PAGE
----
Frenchman Philippe Troussier's $22,000 salary demand against Serbian Ratomir Djukovic's $18,000 may prove the crucial issue in the final choice of who takes over the Black Stars coaching job.
Troussier is believed to have warmed himself into the hearts of the recruitment committee after preliminary talks, and may receive the nod if he softens his stand on the $22,000 monthly salary he has quoted. Besides the wage demands, however, sources say the would-be employers are fighting a $200,000 salary advance contained in the bargaining terms of the 'White Witchdoctor'.
Indeed, the possibility of the former Nigeria and South Africa coach taking over the rest of the Black Stars' World Cup campaign rests on his response to a GFA fax message seeking arrangements different from Troussier's initial proposal, and expected to be sent to him yesterday.
With a three-time appearance at the World Cup, solid records with Japan, Burkina Faso, Cote d'Ivoire and Nigeria, Troussier's experience hands him a unique advantage over Djukovic and Ghanaian Bashir Hayford in the race for Black Stars' 34th coaching job.
If he shifts from his original position, he is likely to follow on the heels of Djukovic for further talks and interview with the panel that includes the GFA management and experienced technical brains next weekend. The Serbian arrived in the country last Tuesday and impressed brains like Messrs Sam Arday and Ibrahim Sunday with his technical abilities and knowledge of the African terrain.
As coach of Rwanda, Djukovic travelled across the continent during the East African country's qualifying campaign for the Nations Cup in Tunisia early this year. Although Rwanda failed to progress beyond the group stage, their qualification to the championship for the first time ever from a group that included Ghana earned the coach respect and instant prominence.
In his search for the Black Stars post, he has demonstrated undoubted commitment and a desire to reach the world stage with the four times continental champions. But Troussier's journeyman status, including a stint with Ivorian club giants, Asec Mimosas, makes Djukovic's case a child's play.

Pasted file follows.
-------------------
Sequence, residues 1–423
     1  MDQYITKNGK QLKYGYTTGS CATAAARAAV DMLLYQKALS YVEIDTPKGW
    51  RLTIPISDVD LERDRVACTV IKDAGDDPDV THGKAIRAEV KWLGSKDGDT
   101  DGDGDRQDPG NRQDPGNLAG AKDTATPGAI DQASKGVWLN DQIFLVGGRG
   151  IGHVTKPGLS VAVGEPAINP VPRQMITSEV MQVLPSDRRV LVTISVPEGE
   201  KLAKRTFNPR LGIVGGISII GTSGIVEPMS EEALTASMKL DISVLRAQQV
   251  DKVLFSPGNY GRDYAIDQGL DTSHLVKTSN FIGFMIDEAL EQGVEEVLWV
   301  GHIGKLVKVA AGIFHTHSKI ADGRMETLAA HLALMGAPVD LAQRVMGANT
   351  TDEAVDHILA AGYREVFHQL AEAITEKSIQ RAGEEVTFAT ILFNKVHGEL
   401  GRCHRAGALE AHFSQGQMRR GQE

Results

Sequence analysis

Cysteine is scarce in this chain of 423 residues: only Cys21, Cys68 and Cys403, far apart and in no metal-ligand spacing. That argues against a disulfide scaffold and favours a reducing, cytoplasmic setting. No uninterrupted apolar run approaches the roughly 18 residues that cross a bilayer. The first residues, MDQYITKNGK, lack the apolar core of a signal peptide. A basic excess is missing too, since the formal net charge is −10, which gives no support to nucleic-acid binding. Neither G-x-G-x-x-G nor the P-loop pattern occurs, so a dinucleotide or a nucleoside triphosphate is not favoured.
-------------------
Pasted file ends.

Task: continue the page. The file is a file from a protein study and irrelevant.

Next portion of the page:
After an hour of negotiation and hard talk into the possibility of hiring his services, the Serbian emerged from last Wednesday's meeting with the recruitment committee confident that he had done enough to secure his second job on the continent.
In fact, when GFA Management Board member, Kofi Amoah, shielded him from the media and warned against any intrusion on the coach by the press, it appeared Djukovic was being prepared to succeed Mariano Barreto. Yet he would have to fight the challenge offered by Hayford, whose main advantage has been his kowledge of the Ghanaian terrain.
As a son of the land, and with a coaching experience spanning more than half a decade, the Heart of Lions trainer carries with him the mentality of the Ghanaian plus a host of coaching qualification gained from some of the best schools in Germany and other parts of Europe. He is expected to gain his turn at the interview early next week before a final choice is made by next Wednesday.